Young farmers look to the future

ANZ Seeds of Renewal
Walgett, NSW

“I think the project was successful because we had a very dedicated group with diverse interests and could learn from each other’s situations, experiences and ideas.“

Walgett is a small rural town 700 km north-west of Sydney in New South Wales. The average age of its residents is 32 - five years below the Australian average. The relative youth of the community was an important factor in the development of a program that looks to the future of farming in the region.

The Walgett area is a regional hub for wool, wheat and cotton industries, and many of its farmers are under 40. The Lower Pian Pagan Creek Conservation Group is a local organisation focused on the uptake of sustainable farming practices and the promotion of natural resource conservation. The group is run by local community members, who assist in developing a sound understanding of community needs and education gaps. They received an ANZ Seeds of Renewal grant of $3,375 in 2011 to sponsor 15 young farmers to participate in a 16-day ‘Holistic Management’ course, run by Western Institute TAFE.

This was a small part of a broader Walgett New Generation Project, a mentoring and education program that aims to create a network of young farmers and to develop a succession framework to transfer knowledge and best management practices.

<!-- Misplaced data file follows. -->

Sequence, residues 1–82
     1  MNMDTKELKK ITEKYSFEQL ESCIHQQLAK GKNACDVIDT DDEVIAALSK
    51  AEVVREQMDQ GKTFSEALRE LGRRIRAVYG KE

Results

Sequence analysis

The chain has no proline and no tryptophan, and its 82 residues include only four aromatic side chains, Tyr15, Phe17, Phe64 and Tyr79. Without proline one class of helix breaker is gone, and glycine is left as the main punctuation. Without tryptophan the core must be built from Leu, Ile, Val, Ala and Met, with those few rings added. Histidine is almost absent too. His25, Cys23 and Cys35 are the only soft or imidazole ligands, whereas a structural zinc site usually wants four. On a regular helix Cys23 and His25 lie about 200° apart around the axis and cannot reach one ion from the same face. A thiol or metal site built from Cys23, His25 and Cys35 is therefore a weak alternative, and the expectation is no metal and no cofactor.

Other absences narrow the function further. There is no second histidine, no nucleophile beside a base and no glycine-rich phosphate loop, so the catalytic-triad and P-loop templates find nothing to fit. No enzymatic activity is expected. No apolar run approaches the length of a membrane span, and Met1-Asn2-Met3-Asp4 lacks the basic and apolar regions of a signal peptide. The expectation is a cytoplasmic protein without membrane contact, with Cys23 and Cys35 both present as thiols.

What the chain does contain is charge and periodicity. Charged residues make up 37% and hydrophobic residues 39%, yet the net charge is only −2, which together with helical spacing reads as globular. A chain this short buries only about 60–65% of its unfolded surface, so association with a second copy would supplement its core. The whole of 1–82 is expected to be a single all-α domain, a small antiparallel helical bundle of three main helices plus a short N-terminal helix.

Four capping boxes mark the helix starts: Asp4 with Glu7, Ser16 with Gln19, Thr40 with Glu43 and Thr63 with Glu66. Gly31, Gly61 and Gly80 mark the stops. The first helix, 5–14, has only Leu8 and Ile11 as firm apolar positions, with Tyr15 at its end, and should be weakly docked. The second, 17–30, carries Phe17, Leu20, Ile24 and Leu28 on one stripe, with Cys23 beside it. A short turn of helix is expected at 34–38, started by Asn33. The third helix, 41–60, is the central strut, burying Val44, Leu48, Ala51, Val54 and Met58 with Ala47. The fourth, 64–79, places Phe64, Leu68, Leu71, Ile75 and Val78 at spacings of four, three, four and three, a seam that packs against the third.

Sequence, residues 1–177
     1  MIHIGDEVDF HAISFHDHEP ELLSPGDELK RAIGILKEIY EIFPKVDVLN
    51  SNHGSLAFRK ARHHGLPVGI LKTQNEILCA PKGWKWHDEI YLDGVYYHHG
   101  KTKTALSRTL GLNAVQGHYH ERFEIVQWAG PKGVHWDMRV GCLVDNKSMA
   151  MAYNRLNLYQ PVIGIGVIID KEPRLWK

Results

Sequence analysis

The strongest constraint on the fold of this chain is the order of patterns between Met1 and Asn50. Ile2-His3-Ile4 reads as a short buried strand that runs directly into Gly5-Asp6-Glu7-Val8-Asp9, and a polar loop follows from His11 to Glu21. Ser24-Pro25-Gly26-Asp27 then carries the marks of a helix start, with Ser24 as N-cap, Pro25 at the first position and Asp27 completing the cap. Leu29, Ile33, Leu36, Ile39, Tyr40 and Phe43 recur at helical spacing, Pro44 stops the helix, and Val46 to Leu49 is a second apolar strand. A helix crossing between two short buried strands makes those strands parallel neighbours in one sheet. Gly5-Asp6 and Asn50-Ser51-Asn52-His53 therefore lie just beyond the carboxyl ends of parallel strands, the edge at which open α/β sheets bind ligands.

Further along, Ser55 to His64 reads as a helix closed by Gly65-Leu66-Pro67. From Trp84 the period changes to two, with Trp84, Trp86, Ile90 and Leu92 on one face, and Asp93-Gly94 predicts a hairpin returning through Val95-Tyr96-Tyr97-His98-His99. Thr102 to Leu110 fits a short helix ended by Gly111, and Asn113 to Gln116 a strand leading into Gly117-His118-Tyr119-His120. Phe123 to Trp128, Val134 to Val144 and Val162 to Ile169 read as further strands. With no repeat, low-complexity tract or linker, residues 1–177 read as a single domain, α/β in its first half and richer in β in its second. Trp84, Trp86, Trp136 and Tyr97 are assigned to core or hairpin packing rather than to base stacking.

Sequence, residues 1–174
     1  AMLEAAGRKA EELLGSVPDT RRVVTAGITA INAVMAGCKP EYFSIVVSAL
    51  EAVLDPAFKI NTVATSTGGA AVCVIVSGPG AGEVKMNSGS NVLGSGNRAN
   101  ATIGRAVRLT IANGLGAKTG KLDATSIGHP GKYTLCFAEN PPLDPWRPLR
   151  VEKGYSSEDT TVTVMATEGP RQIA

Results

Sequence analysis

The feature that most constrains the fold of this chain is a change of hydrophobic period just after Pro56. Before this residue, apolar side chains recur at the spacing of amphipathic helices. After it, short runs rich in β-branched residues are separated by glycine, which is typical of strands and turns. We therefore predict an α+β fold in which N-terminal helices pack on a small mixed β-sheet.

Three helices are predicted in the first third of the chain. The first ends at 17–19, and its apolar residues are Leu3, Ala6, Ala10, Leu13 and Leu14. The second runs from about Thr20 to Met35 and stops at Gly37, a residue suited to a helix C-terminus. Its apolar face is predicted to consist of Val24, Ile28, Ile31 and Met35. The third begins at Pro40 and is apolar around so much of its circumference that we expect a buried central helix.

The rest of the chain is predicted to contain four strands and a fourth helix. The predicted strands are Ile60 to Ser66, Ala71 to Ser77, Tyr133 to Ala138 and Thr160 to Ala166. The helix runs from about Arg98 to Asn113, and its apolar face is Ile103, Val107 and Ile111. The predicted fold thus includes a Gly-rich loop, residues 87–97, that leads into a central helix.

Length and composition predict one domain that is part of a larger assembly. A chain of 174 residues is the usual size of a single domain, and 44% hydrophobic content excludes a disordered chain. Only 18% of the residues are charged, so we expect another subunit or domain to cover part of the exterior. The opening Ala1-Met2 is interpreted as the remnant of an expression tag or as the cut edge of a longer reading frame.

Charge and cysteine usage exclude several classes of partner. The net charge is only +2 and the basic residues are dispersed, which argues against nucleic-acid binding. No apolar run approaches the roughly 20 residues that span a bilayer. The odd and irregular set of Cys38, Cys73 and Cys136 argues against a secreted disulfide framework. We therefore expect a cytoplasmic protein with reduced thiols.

The timeframe for the program was pushed out a few months, following a major flood in early 2012, which saw 65% of the district underwater, making roads inaccessible, and meaning farmers in the region had extra work to do to catch up. The program started in April 2012 and ran through till September. It included a series of training courses and seminars, as well as seminars where local ‘mentors’ and external speakers discussed practices and techniques. Various field trips were organised, and one of the practical exercises involved holding a field day, which attracted an additional 30 people from across the region.

The program also involved a few over 40’s, which was a great benefit. Regional Landcare Facilitator, Tanya Slack-Smith, said, “Those (over 40’s) who were included had many years of Holistic Management experience which they could relay to the group with working examples.”

Since the course finished, attendees have instigated their own grazing BMP group and have organised several catch ups, developing a support network. Some participants have also accessed funding or have paid out of their own pocket for projects that assist in implementing their holistic plans.

These ongoing impacts will have a part in improving production practices and sustainable farming activities in the future. Mrs Slack-Smith said new skills and knowledge attained from the course will also create employment opportunities.